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by Paul Kiser
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Paul Kiser

Article first published as
PR Epic Fail: Taco Bell meat only 36% beef?
on Technorati

(NOTE:  This article was submitted to the Technorati.com editors on Tuesday evening (January 25) and published Wednesday evening. On Wednesday, Taco Bell Corp. gave a definitive statement of the quality of its meat and claims that its taco meat is 88% beef.  To read this statement and a follow-up article, click on this link: Greg Creed’s statement on Taco Bell’s taco meat.)

It’s not too early in the year for the first entry in the “Worst PR of 2011” contest and that dishonor may go to Taco Bell. The fast food chain is facing a controversy that has all the makings of a classic Public Relations Epic Fail award.

Cat treats or Taco Bell taco meat? Which has more protein?

News media (See USAToday article) and online blogs have buzzing about a lawsuit that is seeking class action status against the Yum! Brands subsidiary stating that the taco meat at Taco Bell is only 36% beef, which is less than the USDA minimum of 40%. The suit seeks to have Taco Bell either rename their products or add more beef.

This controversy would be bad enough with just the lawsuit, but the company counter attack will undoubtedly generate more public focus on the issue. Taco Bell’s strategy raises the stakes in a Public Relations battle that now has to be 100% successful or else the company will lose all credibility for the foreseeable future. The response so far seems to indicate that Taco Bell is walking a fine line in denying the accusations about their product.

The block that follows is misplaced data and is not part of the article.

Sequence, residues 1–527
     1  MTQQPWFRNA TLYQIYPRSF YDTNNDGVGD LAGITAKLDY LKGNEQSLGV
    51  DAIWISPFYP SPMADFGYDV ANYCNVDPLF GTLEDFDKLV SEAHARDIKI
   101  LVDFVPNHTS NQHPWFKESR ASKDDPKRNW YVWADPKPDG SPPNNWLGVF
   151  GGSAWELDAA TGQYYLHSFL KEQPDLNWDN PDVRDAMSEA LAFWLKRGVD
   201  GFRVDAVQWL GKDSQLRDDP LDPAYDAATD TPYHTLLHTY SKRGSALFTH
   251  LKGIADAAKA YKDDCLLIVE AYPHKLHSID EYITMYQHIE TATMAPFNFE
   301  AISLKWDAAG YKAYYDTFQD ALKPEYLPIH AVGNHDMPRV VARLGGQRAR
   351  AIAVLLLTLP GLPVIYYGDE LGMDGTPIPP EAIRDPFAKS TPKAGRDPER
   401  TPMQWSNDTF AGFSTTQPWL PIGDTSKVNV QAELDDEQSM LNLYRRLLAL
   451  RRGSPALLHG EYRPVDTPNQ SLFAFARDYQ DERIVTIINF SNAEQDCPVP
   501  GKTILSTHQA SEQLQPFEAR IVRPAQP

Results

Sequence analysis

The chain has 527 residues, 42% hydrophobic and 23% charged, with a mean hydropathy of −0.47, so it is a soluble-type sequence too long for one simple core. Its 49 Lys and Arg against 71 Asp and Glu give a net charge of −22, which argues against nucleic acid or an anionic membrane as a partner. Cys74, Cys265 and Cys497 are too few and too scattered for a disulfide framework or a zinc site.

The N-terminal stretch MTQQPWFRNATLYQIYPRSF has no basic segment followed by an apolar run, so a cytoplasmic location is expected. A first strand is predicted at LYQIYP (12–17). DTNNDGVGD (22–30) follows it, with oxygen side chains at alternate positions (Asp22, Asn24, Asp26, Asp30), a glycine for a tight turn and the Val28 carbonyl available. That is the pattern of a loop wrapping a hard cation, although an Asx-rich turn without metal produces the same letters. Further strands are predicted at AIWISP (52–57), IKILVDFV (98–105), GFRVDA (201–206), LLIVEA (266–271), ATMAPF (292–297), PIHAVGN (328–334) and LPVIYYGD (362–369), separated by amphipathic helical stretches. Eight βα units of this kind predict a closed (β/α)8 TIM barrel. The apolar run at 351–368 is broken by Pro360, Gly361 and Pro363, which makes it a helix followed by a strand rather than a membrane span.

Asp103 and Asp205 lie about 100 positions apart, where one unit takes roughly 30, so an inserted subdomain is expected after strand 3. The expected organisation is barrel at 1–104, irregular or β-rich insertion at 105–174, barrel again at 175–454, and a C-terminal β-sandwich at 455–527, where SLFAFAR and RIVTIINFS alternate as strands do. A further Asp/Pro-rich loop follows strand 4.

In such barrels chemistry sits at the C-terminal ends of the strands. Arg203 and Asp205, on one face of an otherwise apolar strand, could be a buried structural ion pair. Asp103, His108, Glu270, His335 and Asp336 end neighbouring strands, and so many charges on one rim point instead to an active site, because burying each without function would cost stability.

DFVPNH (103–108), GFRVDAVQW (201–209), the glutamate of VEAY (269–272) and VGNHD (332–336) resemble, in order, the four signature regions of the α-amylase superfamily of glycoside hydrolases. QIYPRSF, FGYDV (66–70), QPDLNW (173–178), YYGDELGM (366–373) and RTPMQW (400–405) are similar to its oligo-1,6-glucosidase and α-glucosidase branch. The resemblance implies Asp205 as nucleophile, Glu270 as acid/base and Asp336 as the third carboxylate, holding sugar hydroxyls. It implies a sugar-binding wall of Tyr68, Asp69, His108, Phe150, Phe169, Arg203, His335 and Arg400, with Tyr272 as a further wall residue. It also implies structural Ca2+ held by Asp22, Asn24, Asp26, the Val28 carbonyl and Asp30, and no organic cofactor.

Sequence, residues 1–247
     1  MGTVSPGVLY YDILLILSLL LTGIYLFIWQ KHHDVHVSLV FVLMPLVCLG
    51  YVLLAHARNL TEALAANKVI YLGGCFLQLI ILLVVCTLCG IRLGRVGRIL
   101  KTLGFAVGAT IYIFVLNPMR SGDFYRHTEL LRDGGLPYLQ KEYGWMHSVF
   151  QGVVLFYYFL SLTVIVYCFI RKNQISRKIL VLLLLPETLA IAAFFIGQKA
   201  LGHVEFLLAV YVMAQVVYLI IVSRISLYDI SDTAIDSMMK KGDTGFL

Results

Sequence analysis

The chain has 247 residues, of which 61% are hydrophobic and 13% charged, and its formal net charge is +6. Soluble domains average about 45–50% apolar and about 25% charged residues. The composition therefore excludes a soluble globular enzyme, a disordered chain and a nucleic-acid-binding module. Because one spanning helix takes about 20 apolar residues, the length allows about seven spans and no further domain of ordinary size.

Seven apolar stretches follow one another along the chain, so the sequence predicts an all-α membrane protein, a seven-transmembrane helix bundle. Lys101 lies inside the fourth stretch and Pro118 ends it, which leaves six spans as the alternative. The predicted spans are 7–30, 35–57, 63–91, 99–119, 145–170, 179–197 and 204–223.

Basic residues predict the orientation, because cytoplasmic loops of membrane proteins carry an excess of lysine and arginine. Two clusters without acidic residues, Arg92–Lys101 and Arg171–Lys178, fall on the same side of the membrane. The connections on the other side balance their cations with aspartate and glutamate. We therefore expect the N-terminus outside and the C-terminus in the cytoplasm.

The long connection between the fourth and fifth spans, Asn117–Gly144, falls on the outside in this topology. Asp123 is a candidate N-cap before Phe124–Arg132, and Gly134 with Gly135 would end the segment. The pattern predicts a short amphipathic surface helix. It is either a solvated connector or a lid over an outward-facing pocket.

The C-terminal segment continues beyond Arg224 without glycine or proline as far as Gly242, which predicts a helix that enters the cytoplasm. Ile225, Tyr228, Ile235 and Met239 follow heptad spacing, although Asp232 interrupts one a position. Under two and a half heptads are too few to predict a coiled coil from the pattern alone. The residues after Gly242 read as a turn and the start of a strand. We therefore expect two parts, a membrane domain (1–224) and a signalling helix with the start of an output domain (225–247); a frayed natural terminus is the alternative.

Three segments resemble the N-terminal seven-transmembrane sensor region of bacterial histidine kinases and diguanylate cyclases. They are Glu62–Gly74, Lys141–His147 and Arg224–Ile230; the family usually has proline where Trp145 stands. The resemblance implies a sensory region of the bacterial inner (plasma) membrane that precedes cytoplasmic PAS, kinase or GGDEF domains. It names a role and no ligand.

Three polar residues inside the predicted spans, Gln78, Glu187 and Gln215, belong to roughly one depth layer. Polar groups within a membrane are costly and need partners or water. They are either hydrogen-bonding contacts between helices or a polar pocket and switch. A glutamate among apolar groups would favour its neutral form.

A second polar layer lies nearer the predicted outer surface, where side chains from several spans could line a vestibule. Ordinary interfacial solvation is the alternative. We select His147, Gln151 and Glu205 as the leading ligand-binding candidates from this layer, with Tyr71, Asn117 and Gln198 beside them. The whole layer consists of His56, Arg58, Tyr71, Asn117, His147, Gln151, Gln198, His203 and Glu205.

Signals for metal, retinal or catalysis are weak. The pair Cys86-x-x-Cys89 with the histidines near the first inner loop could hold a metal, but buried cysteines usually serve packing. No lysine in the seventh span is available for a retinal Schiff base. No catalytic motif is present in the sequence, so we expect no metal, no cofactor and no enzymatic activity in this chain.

According to Associated Press reporter, Bob Johnson, the first company response was from Taco Bell spokesperson, Rob Poetsch:

“Taco Bell prides itself on serving high quality Mexican inspired food with great value. We’re happy that the millions of customers we serve every week agree,” Poetsch said. He said the company would “vigorously defend the suit.”

Poetsch’s response carefully avoids denying the accusations, but is worded to imply that since the customers buy the product, it must be okay.

Later the Greg Creed, President and Chief Concept Officer of Taco Bell Corp. put out a stronger, but still carefully worded statement that again walked a fine line in denying the accusations. His statement said that: 1) Taco Bell buys beef, 2) the beef is 100% USDA inspected, 3) the process begins with simmering beef, 4) seasonings and spices are added, and 5) the ‘signature Taco Bell’ taste and texture results from the process. He then added that the ‘lawyers….got their “facts” absolutely wrong’ and that Taco Bell plans to take legal action for false statements made about their food.

While this sounds like a denial, Creed avoids saying anything about the use of fillers and extenders in their taco meat by referring to all added ingredients as “seasoning and spices.” According to the Taco Bell website the ingredients for the ground taco meat include the following (ranking added):

#3 – Isolated Oat Product, #8 – Oats (Wheat), #9 – Soy Lecithin, #12 – Maltodextrin, #13 – Soybean Oil (Anti-dusting Agent), #15 – Autolyzed Yeast Extract, #17 – Caramel Color, #18 – Cocoa Powder (Processed With Alkali), #19 – Silicon Dioxide, #21 – Yeast, #22 – Modified Corn Starch, #25 – Sodium Phosphates

Both the website and Creed refer to these ingredients as “seasoning”, implying they add taste to the product and are not fillers or extenders. However, if the lawsuit is accurate, Taco Bell may have a hard time convincing its customers that ground taco meat requires 64% ‘”seasoning” and only 36% beef.

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